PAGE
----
Blue White Illustrated

January 2022

Penn State Sports Magazine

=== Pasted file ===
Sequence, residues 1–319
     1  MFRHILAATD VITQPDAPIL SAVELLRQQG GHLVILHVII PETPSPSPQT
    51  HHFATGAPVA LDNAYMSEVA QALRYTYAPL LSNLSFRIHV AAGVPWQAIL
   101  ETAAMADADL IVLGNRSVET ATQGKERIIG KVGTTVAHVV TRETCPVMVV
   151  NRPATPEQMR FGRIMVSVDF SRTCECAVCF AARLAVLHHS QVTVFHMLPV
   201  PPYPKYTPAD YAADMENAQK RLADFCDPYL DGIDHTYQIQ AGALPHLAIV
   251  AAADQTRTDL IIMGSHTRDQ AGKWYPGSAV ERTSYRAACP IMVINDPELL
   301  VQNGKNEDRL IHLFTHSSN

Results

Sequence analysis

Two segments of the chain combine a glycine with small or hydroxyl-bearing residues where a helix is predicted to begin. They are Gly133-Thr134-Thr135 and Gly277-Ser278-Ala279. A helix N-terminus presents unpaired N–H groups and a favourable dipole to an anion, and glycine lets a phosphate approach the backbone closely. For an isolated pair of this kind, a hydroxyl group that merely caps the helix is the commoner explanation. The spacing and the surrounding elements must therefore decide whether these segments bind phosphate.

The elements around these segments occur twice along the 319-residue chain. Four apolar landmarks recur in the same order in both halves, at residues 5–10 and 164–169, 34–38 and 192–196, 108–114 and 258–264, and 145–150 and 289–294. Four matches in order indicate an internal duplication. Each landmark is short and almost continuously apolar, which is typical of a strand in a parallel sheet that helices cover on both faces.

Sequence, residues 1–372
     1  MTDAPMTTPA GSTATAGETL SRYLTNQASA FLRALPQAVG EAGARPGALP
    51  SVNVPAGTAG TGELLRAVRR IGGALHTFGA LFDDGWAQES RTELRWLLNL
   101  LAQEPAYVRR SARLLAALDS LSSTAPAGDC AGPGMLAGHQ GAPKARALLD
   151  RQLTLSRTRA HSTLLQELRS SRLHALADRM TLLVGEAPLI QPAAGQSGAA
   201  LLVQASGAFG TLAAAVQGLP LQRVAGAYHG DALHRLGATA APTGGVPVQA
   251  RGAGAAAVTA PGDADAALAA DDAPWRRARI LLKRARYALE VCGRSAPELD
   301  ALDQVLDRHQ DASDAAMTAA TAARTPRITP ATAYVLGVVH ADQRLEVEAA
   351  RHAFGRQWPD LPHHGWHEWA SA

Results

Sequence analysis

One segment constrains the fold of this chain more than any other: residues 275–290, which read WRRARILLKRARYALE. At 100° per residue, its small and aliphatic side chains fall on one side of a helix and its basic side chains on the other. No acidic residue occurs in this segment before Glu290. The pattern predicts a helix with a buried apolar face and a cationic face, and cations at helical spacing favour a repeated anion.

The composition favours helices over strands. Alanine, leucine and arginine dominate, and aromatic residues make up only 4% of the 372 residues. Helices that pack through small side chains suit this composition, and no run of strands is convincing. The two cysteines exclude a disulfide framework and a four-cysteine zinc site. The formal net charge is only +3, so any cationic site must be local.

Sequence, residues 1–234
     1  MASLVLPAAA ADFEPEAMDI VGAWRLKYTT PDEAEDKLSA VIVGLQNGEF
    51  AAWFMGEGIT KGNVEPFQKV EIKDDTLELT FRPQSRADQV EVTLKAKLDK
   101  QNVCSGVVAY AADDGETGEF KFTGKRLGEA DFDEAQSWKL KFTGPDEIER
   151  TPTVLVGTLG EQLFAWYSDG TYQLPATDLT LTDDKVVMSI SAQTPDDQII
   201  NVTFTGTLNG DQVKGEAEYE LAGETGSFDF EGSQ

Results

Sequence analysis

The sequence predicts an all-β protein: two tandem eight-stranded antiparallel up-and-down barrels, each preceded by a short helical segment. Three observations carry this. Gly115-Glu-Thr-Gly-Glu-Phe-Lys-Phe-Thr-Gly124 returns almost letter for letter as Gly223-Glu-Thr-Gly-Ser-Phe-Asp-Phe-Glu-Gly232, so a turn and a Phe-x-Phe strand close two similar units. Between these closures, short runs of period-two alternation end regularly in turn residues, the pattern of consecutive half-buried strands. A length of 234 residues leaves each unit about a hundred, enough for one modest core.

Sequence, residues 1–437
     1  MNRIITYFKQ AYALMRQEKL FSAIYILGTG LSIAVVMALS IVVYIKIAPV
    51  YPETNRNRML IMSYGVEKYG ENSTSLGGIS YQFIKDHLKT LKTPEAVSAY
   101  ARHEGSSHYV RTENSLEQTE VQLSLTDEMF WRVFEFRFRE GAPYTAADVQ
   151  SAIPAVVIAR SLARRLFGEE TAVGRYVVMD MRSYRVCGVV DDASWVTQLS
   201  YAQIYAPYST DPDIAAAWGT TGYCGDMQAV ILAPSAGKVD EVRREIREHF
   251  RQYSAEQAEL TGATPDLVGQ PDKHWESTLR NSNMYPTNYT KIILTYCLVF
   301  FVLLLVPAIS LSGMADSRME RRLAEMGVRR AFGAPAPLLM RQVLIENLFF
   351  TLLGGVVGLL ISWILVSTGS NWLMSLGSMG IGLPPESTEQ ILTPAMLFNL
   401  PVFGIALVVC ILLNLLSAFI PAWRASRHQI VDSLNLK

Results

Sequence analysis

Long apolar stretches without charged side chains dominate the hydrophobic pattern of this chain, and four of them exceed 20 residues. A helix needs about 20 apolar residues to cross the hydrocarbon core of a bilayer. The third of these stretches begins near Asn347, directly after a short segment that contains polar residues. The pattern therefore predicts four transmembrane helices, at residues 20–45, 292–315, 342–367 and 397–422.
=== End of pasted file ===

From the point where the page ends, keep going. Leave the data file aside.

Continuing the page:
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2 0 J A N U A R Y 2 0 2 2 W W W . B L U E W H I T E O N L I N E . C O M M anny Diaz said on Dec. 6 that he was "disappointed" with the way his head coaching tenure at Mi- ami ended. By Dec. 11, he was the new defensive coordinator at Penn State. Welcome to the wild world of col- lege football and specifically its coach- ing carousel. What used to take months now takes a matter of days. And in some cases, hours. Diaz was hired to replace Brent Pry, who in November left Penn State after eight seasons to become the head coach at Virginia Tech. Following Pry's exit, coach James Franklin moved as quickly as he could to name a replacement. After 12 days, the deal was done and the announcement was made. In terms of its length, the process was right in line with previous searches under Franklin. His offensive coordinator switch early in the 2021 offseason, in which Mike Yurcich took over for Kirk Ciarrocca, was the quickest. But the Nittany Lions' veteran head coach usu- ally takes somewhere between six and 14 days to pick a new assistant once he either moves on from one or someone leaves his staff for an opportunity else- where. But while the process went about as smoothly as could be expected from Penn State's point of view, for Diaz, the weeks leading up to his arrival in State College were a disorienting whirlwind. "This past month has been a hell of a year," he quipped during his intro- ductory Penn State news conference on Dec. 17. He was joking. But he was also right. The advent of the early signing period has put pressure on programs to reas- sure recruits that everything is running smoothly, and that, in turn, has sent coaching searches into overdrive. Diaz said when Franklin first reached out in early December, his initial thought was that maybe there could be a match by January. He soon realized, however, that the process would play out much quicker than that. The fact that December had already begun was especially important. Miami had all but hung him out to dry as it courted, and eventually hired, Oregon's Mario Cristobal as head coach. The Hurricanes wanted to make their move as far in advance of signing day as pos- sible, and Diaz came to understand that his suitors would be looking to bring him aboard quickly, too. "I started to realize, with the all- powerful signing day — which has be- come sort of the overlord over all of col- lege football — looming, that if this was going to happen, it was going to happen pretty quick," he said. "Really, by Thursday [Dec. 9], I think we were just about a yes. Friday midday is when I think we finally agreed on all the tiny details, and I was here walking out of the State College airport Friday night at 11 p.m. and watching a football practice the next day. That was a whirl- wind." Diaz has a style of defense that he has favored for a long time. He wants his unit to be aggressive and fast and fo- cused on turnovers and tackles for loss. He knew that Franklin wanted that at Penn State, too, because of his connec- tion with former Lions defensive coor- dinator Bob Shoop. Last spring, Diaz had added Shoop to his Hurricanes staff as an analyst. Diaz also knew Taylor Stubblefield, Penn State's wide receivers coach. Stubblefield had spent a season on Di- az's Miami staff before joining the Lions in 2020. Aside from all the coaches who came with him from Vanderbilt, 2022 will mark the first time Franklin has two assistants on his staff who spent time together at another FBS school. "Philosophically, Bob and I were very closely aligned in the way that we'd like to be aggressive, attack, create pressure, you know, [present] different looks," Diaz said. "Certainly, Brent took over, and as anybody would do, you sort of put your own advancements and devel- opments on a scheme. "What you can see is that, in James' time as head coach, his defensive phi- losophy, backed by the people who have worked with him, has been to be very After a disorienting exit at Miami, Manny Diaz lands at Penn State, where he will look to keep the Nittany Lion defense on the attack G R E G P I C K E L | G P I C 9 2 @ G M A I L . C O M Diaz went 21-15 in his three seasons as head coach at Miami. His best season was 2020, when the Hurricanes went 8-3 and 7-2 in the Atlantic Coast Conference. PHOTO BY RYAN SNYDER Riding The Storm Out

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